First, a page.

The former CEO of the Park Avenue Bank was arrested by federal Immigration and Customs Enforcement agents Monday in connection with an attempted $11 million rip-off of the Troubled Asset Relief Program (TARP).
Charles Antonucci Sr. is charged with embezzelment, fraud bribery and other counts in connection with his alleged scheme to lie and rip-off investors and the government in his role as head of The Park Avenue Bank.
He is the first person ever to be charged with trying to defraud TARP.
Investigators said Antonucci even defrauded a Florida church - the Calvary Springs Chapel in Coral Springs -- out of $100,000 by promising outsized returns. Instead, officials said Antonucci and others just pocketed the cash.
The FDIC and New York State bank regulators moved in late Friday to shut down the troubled bank. Branches were sold to Valley National Bank and officials said all $500 million in deposits are safe.
Federal prosecutors said Antonucci lied when he claimed he would put $6.5 million of his own money into the bank to help stabilize its books. But instead, investigators said in a complex scheme, Antonucci loaned himself the $6.5 million from the bank's funds and redoposited them.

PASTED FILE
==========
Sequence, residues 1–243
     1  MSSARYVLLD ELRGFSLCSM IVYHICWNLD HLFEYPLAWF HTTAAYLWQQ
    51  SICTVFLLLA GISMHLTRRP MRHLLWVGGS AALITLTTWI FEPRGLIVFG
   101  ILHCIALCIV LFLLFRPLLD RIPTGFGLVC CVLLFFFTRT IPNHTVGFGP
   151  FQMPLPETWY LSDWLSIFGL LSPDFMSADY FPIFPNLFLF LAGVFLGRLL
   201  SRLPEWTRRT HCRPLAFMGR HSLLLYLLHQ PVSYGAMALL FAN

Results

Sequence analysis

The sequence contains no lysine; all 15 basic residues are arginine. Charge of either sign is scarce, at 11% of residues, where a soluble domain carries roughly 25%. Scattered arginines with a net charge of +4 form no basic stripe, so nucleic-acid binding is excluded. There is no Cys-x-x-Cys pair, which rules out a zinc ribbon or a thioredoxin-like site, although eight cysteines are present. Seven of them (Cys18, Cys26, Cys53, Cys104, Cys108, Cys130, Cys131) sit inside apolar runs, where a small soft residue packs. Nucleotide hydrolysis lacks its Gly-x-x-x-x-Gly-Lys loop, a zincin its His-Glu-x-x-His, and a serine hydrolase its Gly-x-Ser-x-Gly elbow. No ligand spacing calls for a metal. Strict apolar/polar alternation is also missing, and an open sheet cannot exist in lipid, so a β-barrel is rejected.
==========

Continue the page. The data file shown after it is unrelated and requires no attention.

"Charles Antonucci allegedly put his personal greed over ahead of his professional duty," said U.S. Attorney Preet Bharara. "Lying to financial regulators is the equivalent to obstruction of justice."
Prosecutors said Antonucci tried to steal millions in order to maintain his lavish lifestyle which included flying on private jets to attend events like the Super Bowl and major PGA golf tournaments.
Antonucci, 59, was arrested at his home in Fishkill. ICE investigators were involved because there was an overseas Honduras connection to the alleged fraud. FBI agents and officials with the TARP Inspector General's office.
Prosecutors claimed they were investigating numerous other Wall Street rip-offs related to TARP but declined to detail what firms are under investigation.
Antonucci was set to be arraigned on the charges Monday afternoon in federal court in Manhattan.